·
Registered
Joined
·
69 Posts
I've never let someone like valet, car wash attendent, or oil change monkey ever drive any car I've owned. I certainly won't start letting them drive my Bolt!

Car washes are like gas stations, if they won't let you stay in the car, go to another one.
 

·
Registered
Joined
·
209 Posts
Automatic car washes are a bad idea if you care about your paint. The touchless washes are good if I have to have a cleaning and its too cold. There is no attendant at the touchless car wash. Otherwise I wash it myself. Automatic car washes get all kind of dirt built up into those brushes and the mop like things that swing back and forth...using them on a regular basis is...IMO...equivalent to slowly tearing the paint off your car over time. Its a small car and easy to wash on your own and you will get more satisfaction knowing the job is done right. This is a car care and detail forum so this must be said folks.
 

·
Registered
Joined
·
65 Posts
The other night I was out and nature's car wash did it's thing. Of course a clean vehicle of any sort is a target for our local birds, who will come along and do their thing as soon as they see a freshly washed vehicle.
 

·
Registered
Joined
·
1,495 Posts
I bought the soft scrubbing mitt, very soft drying towels (3), and the soap at Advance Auto. To wet it, scrub it, rinse it, and "dry" it takes about 20 minutes which I consider "bonding time". (And I bet my oxytocin levels temporarily rise... just a little.)
 

·
Registered
Joined
·
735 Posts
I bought the soft scrubbing mitt, very soft drying towels (3), and the soap at Advance Auto. To wet it, scrub it, rinse it, and "dry" it takes about 20 minutes which I consider "bonding time". (And I bet my oxytocin levels temporarily rise... just a little.)
You have some serious patience. I used to be into the whole process with my first cars but now its either a good quality touchless wash and/or a professional detailer.
 

·
Registered
Joined
·
121 Posts
Definitely different here in SoCal. First, there are usually multiple lines and lots of cars and you drop off in the line waiting to be vacuumed and then washed. You specify to the attendant the type of wash you want and they give you a ticket to take inside to the cashier to pay. Then you go to the waiting area until your car comes out and has been hand dried, tires dressed, etc. They signal when the car is don and ready for you. So there are two points in this process where a low wage attendant is driving your car. First from the line/vacuum station to the roller track and second, when it leaves the last roller, they drive it to where it will be dried off. A driver that doesn't know how to deal with a Bolt could do damage to your vehicle at either point. I assumed that owners that have had their car for a while have encountered and dealt with this situation. I have only had ours for about 2 weeks but it need an exterior cleaning. I was looking for how others have handled this to avoid potential damage to their cars by unknowledgeable employees. Even the dealers aren't as knowledgeable as they should be.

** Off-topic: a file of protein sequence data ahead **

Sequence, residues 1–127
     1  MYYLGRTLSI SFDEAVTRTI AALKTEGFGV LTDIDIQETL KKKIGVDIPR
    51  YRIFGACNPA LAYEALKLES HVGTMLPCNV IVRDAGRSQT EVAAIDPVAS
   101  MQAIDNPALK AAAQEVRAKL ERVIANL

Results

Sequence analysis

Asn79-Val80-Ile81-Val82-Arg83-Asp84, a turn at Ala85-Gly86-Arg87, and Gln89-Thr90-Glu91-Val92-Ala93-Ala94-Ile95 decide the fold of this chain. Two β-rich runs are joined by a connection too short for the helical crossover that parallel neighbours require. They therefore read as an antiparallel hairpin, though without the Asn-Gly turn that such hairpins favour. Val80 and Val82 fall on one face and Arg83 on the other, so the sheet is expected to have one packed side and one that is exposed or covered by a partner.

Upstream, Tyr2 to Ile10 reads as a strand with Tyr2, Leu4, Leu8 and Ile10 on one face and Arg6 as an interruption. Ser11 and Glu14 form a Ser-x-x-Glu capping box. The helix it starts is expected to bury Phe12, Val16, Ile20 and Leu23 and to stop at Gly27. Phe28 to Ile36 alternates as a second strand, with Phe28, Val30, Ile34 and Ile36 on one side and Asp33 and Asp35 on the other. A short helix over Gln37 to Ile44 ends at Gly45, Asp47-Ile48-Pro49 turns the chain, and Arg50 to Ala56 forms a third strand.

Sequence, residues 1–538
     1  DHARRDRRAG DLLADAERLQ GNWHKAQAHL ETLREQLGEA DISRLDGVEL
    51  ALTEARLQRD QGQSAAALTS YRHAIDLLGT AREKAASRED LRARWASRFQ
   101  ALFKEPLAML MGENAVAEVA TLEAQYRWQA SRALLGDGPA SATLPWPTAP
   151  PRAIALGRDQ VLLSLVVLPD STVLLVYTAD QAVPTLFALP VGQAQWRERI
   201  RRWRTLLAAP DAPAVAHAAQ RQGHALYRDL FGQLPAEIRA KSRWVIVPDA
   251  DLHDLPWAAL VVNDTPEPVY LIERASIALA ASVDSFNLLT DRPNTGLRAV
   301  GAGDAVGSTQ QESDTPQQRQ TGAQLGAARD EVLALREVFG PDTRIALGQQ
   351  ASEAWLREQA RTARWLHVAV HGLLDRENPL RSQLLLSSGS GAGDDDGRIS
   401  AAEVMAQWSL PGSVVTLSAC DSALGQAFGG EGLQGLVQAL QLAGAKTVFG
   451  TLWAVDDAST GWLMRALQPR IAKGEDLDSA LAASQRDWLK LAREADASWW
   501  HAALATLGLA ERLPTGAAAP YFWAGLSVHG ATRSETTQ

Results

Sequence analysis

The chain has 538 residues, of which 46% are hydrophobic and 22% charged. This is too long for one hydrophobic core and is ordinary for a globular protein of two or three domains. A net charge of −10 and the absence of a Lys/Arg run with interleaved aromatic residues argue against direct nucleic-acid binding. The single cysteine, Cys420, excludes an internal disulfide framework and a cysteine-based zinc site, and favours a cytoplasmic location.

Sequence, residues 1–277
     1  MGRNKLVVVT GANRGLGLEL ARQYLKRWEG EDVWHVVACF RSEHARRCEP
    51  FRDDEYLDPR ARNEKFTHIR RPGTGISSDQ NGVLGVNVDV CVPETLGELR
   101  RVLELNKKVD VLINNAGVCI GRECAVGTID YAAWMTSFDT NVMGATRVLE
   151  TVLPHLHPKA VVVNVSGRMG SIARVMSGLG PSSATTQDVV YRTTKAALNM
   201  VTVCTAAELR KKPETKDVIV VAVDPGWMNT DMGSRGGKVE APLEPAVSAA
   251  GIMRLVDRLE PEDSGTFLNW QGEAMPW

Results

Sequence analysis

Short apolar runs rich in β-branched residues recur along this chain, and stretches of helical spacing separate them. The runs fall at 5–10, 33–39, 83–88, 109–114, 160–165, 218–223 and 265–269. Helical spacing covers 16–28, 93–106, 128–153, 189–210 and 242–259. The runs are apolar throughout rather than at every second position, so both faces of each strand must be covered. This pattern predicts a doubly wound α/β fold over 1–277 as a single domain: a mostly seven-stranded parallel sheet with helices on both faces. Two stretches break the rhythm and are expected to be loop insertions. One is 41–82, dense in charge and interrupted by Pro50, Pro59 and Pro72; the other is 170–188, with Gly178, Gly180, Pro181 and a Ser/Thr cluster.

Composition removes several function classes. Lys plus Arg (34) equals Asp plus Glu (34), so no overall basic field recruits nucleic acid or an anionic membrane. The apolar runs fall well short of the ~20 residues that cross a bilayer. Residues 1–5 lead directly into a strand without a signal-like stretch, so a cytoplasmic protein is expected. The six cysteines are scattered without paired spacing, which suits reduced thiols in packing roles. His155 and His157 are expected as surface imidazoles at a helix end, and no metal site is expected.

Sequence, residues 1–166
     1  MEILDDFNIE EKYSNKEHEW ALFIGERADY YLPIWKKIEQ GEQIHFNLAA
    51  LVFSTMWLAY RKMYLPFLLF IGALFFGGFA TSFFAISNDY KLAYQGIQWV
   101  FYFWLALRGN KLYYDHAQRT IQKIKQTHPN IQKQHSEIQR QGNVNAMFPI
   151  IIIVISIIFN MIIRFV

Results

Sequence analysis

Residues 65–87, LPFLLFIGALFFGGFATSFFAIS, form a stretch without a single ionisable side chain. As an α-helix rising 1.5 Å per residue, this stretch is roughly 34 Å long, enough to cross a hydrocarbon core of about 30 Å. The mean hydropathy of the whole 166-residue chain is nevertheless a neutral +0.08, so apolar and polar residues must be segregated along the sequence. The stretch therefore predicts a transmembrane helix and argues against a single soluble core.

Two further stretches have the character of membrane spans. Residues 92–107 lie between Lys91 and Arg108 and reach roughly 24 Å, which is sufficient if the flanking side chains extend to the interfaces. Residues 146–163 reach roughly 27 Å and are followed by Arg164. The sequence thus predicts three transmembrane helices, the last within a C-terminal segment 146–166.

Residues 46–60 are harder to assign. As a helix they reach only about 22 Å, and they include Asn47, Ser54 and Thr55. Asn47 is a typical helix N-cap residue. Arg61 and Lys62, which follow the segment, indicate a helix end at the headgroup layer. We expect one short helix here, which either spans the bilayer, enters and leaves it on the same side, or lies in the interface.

What I do when I go to the car wash is I leave the instruction card that came with the Bolt hanging around the gear shifter. It has a ring that you can hang it with, and it's written in multiple languages with pictures.
 

·
Registered
Joined
·
724 Posts
I usually go to the wash yourself place but that was for older cars. And even then it was not but once a year after Winter.

Scrub-a-dub has an unlimited program that I am looking into. Saw it on the AAA paper I get. $82 for 3 months of the Super Choice through AAA. On the website for Scrubadub it is $30 a month or $14.50 per wash ( if you sign up for unlimited and it has auto payments only, 2 month minimum and 1st month is $20). I would SPEND extra $2 if I go through AAA, go figure.

I am thinking about this because of Winter here and Salt. But how often do you all wash your car? it would be worth it if I washed it more then twice a month.

Any issues with the Undercarriage wash and the Bolt ?
 

·
Registered
Joined
·
381 Posts
I've never let someone like valet, car wash attendent, or oil change monkey ever drive any car I've owned. I certainly won't start letting them drive my Bolt!

Car washes are like gas stations, if they won't let you stay in the car, go to another one.
That is a problem in Oregon where filling your own car with gasoline is illegal. Fortunately, doesn't apply to DCFC ?
 

·
Registered
Joined
·
724 Posts
That is a problem in Oregon where filling your own car with gasoline is illegal. Fortunately, doesn't apply to DCFC ?

Ook that has got to be the dumbest thing I have heard. So Oregon thinks that drivers are to stupid to put gas in their own car?? Do Farmers have to bring their tractors in to be filled too :laugh:
 
1 - 20 of 20 Posts
Top